Veterans' benefits

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The US Department of Veterans Affairs provides a wide variety of benefits, [1] e.g., educational assistance (GI Bill), healthcare, assisted living, [2] home loans, insurance, and burial and memorial services, for retired or separated United States armed forces personnel, their dependents, and survivors. [3] The VA provides compensation to disabled veterans [4] who suffer from a medical disorder or injury that was incurred in, or aggravated by, their military service, and which causes social and occupational impairment. [5] Many U.S. states also offer disability benefits for veterans.

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Archival record of the benefits awarded to injured soldiers and veterans of the American Civil War began after 1865. Union soldiers received a more committed pension archival effort on the part of the Federal government, thanks to superior databases in the North and a more stable bureaucratic oversight. [6] Turmoil during Reconstruction in the war-weary South made any effort at maintaining pension records difficult if not impossible. Later university-led research projects would give insight into the history of pension provisions by the Federal government leading up to the Civil War. [7] These analysis shed light on the ever-changing role of compensation in American society and delved into the idea that American Revolutionary War soldiers received superior care after war than later Civil War veterans. [8]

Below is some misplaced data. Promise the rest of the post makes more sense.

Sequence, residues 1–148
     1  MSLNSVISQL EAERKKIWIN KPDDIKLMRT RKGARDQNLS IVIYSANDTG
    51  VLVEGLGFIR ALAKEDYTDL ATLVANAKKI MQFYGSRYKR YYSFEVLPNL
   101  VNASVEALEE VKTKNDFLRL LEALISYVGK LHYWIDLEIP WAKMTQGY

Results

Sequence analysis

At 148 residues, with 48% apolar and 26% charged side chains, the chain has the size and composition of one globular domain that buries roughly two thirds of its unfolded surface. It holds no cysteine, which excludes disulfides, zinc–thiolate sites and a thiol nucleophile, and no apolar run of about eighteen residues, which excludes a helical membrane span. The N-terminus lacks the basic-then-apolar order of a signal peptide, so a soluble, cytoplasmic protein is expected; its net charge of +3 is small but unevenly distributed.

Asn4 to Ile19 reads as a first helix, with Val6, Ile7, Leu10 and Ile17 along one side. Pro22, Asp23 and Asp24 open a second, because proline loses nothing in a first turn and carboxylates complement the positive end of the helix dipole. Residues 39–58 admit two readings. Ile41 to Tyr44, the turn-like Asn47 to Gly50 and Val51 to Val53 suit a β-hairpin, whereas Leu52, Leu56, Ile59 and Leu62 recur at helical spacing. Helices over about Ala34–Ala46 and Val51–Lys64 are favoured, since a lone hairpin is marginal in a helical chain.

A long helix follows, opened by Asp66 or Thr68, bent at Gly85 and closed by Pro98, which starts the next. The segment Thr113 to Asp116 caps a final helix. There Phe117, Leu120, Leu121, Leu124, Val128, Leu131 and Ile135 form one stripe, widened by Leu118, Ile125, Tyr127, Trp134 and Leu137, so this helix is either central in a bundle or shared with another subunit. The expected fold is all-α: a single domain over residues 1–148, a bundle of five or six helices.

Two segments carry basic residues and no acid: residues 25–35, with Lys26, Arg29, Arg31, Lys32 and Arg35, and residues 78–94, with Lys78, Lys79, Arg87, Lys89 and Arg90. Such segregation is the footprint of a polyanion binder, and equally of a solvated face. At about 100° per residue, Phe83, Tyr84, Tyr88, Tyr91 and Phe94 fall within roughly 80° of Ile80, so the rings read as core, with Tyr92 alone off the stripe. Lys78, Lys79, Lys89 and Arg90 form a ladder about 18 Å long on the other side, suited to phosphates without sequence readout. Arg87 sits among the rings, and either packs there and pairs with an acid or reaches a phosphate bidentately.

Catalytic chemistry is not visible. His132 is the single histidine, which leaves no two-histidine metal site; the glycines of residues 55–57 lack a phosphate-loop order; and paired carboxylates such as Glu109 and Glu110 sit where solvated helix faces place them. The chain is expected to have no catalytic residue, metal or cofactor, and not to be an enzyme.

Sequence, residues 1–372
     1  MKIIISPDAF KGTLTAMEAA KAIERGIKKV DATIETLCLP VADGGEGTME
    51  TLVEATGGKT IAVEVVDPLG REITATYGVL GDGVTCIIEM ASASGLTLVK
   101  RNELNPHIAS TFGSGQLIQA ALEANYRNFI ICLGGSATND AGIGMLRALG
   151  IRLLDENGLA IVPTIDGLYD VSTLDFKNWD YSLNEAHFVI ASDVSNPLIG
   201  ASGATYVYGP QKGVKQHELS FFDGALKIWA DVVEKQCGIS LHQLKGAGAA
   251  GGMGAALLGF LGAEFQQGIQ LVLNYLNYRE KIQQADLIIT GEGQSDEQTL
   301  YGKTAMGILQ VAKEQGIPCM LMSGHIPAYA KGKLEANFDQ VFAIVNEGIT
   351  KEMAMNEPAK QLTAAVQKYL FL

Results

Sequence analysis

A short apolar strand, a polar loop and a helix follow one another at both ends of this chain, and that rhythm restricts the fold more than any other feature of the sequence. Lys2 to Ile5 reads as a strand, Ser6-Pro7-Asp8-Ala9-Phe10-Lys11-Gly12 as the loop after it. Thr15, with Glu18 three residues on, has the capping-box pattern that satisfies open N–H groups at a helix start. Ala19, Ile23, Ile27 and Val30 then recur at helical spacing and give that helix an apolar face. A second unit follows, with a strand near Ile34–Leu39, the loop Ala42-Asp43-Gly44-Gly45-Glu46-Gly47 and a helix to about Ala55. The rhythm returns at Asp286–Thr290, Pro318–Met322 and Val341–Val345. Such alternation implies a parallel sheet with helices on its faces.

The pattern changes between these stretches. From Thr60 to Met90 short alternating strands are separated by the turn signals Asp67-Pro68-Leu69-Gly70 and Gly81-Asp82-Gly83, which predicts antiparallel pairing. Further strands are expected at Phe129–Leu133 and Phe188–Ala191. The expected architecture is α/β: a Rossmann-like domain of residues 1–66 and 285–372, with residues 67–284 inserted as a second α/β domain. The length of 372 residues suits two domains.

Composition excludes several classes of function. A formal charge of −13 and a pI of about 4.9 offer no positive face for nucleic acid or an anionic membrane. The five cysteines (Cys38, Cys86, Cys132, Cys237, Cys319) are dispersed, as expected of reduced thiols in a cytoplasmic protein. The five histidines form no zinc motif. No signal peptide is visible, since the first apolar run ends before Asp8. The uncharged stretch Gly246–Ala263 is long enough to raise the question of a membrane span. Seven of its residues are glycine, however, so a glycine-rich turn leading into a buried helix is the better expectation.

In 1932 veterans from the First World War marched on Washington as the Bonus Army, also known as the Bonus Expeditionary Force.

See also

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Illinois Department of Veterans Affairs

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Board of Veterans Appeals Administrative tribunal within the U.S. Department of Veterans Affairs

The Board of Veterans' Appeals (BVA) is an administrative tribunal within the United States Department of Veterans Affairs (VA), located in Washington, D.C. It determines whether U.S. military veterans are entitled to claimed veterans' benefits and services. The Board's mission is to conduct hearings and decide appeals properly before the Board in a timely manner. The Board's jurisdiction extends to all questions in matters involving a decision by the Secretary under a law that affects a provision of benefits by the Secretary to Veterans, their dependents, or their Survivors. Final decision on such appeals are made by the Board based on the entire record in the proceedings and upon consideration of all evidence and applicable provisions of law and regulation. The Board's review is de novo.

Bureau of Pensions Advocates

The Bureau of Pensions Advocates (BPA) is a nation-wide, semi-independent law firm within Canada's Department of Veterans Affairs. In place in one form or another since October 1, 1930, it provides free counsel and legal representation to Canadian Veterans and members of the Royal Canadian Mounted Police in appeals before the Veterans Review and Appeal Board Canada regarding Veterans Affairs Canada decisions on their disability pension and award applications.

References

  1. "Benefit Summary Materials". Veterans Benefits Administration. Department of Veterans Affairs. Retrieved 27 December 2013.
  2. Simmons, Claire (15 January 2015). "Nursing Home Care and the Aid and Attendance Benefit". VeteranAid. Retrieved 15 April 2016.
  3. "Federal Benefits for Veterans, Dependents and Survivors". Office of Public and Intergovernmental Affairs. Department of Veterans Affairs. Retrieved 27 December 2013.
  4. "Service-connected Disabilities". Veterans Benefits Administration. Department of Veterans Affairs. Retrieved 27 December 2013.
  5. "Compensation". Veterans Benefits Administration. Department of Veterans Affairs. Retrieved 27 December 2013.
  6. "Ancestry® | Genealogy, Family Trees & Family History Records". www.familybirthrecords.com. Retrieved 2016-04-10.
  7. Oliver, John William (1917-01-01). History of the Civil War Military Pensions, 1861-1865. University of Wisconsin--Madison.
  8. Oliver, John William (1917). "History of the Civil War Military Pensions, 1861-1865".